A comment period for this project closes Oct 31, 2022:
Days, Hours, Min.
Photo of the existing stairs leading down from Marsh Overlook bridge to a damaged canoe dock with trees around water in Kenta Canal in the background.

Trail Improvements at Barataria Preserve

Jean Lafitte National Historical Park and Preserve » Trail Improvements at Barataria Preserve » Document List

The trails and boardwalks of the Barataria Preservice of the NPS' Jean Lafitte National Historical Park and Preserve were extensively damaged by Hurricane Ida, which made landfall on August 29, 2021, as a Category 4 storm with maximum sustained winds of 150 mph.

The National Park Service (NPS) proposes to repair hurricane-related damage to the trail network and to:
• Evaluate rebuilding certain boardwalks and trails at a higher elevation for greater resilience to flooding, sea level rise, and land subsidence;
• Evaluate segments or spurs of the trails that could be removed and returned to a more natural state, especially those that are flooded for most of the year;
• Evaluate construction materials and methods for greater resiliency and fewer environmental impacts.

Construction will occur in separate phases and as funding allows. Projects for the rebuilding of six (6) trail and boardwalks are currently funded. Planning for this work has begun for the Marsh Overlook, Bayou Coquille, Visitor Center, and Education Center Trails, with construction expected to begin in 2025. Planning for the Christmas Road and Ring Levee Trails was completed in February 2022, and construction is expected to begin in Winter 2022 and be completed in 2023.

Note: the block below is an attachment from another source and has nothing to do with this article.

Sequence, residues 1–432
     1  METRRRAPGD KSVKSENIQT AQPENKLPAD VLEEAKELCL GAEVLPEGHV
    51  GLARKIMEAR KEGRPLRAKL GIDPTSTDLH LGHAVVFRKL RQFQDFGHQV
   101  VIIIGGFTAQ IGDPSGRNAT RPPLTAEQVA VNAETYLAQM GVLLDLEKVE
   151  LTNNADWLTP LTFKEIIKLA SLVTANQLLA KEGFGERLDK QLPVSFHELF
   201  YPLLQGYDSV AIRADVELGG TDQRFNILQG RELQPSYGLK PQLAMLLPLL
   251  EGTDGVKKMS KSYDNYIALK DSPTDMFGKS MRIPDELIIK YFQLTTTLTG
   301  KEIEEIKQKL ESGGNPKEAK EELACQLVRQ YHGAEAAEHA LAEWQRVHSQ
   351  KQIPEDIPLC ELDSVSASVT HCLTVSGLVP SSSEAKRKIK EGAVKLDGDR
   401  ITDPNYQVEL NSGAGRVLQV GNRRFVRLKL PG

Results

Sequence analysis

The National Park Service is requesting your input on these proposed Trail Improvements. We will be accepting comments through October 31, 2022.

More information and maps are available in the newsletter. To see the newsletter, please click on the Document List on the left.

To comment, please click on Open for Comment on the left, and enter your comments.

The Barataria Preserve, located 17 miles south of New Orleans, is comprised of over 26,000 acres of Louisiana wetlands, including bottomland hardwood forest, cypress swamp, freshwater and intermediate (between freshwater and brackish) marshes, bayous and canals. The Preserve includes a network of boardwalks and hiking and canoe trails that allow visitors to access the park's wild places and observe native plants, alligators, snakes, and over 200 species of birds. Over 450,000 visitors enjoy the Preserve's trails, canoe waterways, and programs that inspire stewardship of the natural and cultural resources of southern Louisiana and the many challenges they face.

Please note that your entire comment, including your personal information, may be made publicly available at any time. Although you can request that we withhold your personal identifying information from public view, we cannot guarantee that we will be able to do so.

Contact Information

Superintendent
Attn: Barataria Trails
419 Decatur Street
New Orleans, LA 70130